Both Germany and Japan were attacked on their home territories, killing millions, while America lost thousands. America lost combatants. They lost combatants plus millions of civilians; men, women and children. America deliberately attacked cities having little military value to kill hundreds of thousands of civilians. The rationale was to 'demoralize' (terrorize?) the enemy populations into submission. That tactic may have just increased enemy resolve to fight on, or so some claim.

America did not consult the international community but instead acted unilaterally. Offers by both the Japanese and German governments to end the war via negotiations were rejected. Instead unconditional surrender was demanded. In early 1945 Japan was clearly on the road to defeat but America still insisted on unconditional surrender and used the atomic bomb twice to bring this about.

Japan and the Allied zones of Germany were occupied for years to impose our form of government on the conquered peoples. WW II cost an estimated fifty million lives. Was it really worth it? Shouldn't diplomacy have been tried first? If that failed, a policy of containment then could have then applied over the long haul. That was American policy for the Soviet Union over many decades, and it worked.

By now readers should realize that this writer is obviously playing the 'devil's advocate' to show how easily American actions in WWII could be cast in a highly unfavorable light. The above argument was deliberately skewed to be unfair to America to demonstrate a point. By telling the truth in a selective manner one can put a very different spin on the morality of American and Israeli actions.

There were very compelling reasons for supporting what America did in WWII. In early 1941 America was in grave danger. The Axis powers included Germany, Japan, Russia (before Hitler's attack), Italy and Spain. Much of western Europe was already occupied. Germany and Japan were expanding rapidly in Europe, Asia and North Africa with Nazi sympathizers operating in South America and even inside the U.S.

America had not yet recovered from the Great Depression, was highly isolationist, poorly armed and unprepared for war both politically and militarily. England was being battered by the German air force and was hanging on by a thread. The balance of power heavily favored the Axis powers with a bleak outlook for America and the west.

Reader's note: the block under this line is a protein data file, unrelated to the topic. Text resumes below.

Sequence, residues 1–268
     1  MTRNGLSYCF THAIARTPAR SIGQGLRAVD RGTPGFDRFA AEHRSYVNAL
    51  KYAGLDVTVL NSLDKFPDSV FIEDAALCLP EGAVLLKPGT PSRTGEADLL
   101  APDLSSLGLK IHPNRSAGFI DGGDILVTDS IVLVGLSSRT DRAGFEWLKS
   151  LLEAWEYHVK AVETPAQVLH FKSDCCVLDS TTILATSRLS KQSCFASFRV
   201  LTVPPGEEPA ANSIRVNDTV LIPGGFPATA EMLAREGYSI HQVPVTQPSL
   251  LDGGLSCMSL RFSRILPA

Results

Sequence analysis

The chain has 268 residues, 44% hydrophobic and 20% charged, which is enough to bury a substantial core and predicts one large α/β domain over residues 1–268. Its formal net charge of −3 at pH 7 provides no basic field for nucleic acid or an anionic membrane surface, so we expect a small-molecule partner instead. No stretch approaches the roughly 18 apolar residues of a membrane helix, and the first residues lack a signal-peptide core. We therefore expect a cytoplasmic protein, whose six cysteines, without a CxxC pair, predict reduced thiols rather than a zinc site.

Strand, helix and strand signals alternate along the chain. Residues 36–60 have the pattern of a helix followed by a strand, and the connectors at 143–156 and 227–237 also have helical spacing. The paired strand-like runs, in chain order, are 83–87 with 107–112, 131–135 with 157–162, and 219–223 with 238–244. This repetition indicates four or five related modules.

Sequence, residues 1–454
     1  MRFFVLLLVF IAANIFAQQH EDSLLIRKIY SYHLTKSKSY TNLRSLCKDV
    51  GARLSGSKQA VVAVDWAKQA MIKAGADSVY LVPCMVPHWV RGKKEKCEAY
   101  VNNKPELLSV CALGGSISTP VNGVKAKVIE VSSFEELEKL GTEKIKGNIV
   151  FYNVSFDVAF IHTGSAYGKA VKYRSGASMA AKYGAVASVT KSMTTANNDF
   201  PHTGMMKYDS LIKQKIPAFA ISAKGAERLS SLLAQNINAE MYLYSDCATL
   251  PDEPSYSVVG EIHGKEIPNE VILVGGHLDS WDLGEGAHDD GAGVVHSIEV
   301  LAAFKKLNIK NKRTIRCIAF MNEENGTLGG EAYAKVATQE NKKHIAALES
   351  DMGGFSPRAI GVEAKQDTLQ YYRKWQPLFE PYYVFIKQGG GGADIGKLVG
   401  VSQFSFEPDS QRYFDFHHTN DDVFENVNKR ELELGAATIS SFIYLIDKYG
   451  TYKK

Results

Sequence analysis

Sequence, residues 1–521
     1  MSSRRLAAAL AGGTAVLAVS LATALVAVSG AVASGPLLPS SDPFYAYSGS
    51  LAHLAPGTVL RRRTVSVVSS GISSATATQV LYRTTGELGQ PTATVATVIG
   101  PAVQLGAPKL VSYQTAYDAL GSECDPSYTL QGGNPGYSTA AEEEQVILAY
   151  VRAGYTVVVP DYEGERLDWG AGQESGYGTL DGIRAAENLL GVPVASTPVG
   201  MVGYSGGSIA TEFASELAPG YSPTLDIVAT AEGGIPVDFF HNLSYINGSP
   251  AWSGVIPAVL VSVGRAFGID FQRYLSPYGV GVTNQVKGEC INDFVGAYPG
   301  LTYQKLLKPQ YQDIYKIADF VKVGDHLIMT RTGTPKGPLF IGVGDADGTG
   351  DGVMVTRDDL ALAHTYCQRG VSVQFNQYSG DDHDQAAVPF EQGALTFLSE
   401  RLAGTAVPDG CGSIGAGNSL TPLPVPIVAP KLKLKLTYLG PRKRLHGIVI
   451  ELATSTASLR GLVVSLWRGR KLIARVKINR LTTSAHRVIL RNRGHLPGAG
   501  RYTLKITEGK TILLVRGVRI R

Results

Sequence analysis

An all—out response to Pearl Harbor was therefore essential, and it came not a moment too soon, because in 1942 victory in the war was far from certain. Losing that war would have plunged the world into a new dark age of brutality. We had to win at all costs.

The real lesson of WWII was not failing to try diplomacy and negotiations. The lesson was that America and the West should have moved militarily against Hitler in the mid 1930's. It was already clear that Hitler was rapidly re—arming Germany for a coming war of aggression, but was not yet ready to attack. A pre—emptive attack by the West against Hitler at that time could have destroyed Hitler and his Nazi war machine while still confined to German soil. There would have been casualties on both sides but far, far, fewer than the millions killed later while much of Europe was destroyed.

The world seems inclined to forget the lessons of history rather than learn from them. The West should be supporting Israel's attempt to demolish the Islamic terror threat surrounding them rather than lecturing Israel about its 'disproportionate response.' Iran and Syria are clearly backers of Islamic terror, not only against Israel but also against America. The longer it takes to deal with them the greater the risk of a wider and more lethal war with an enemy possessing nuclear weapons and the means to reach America.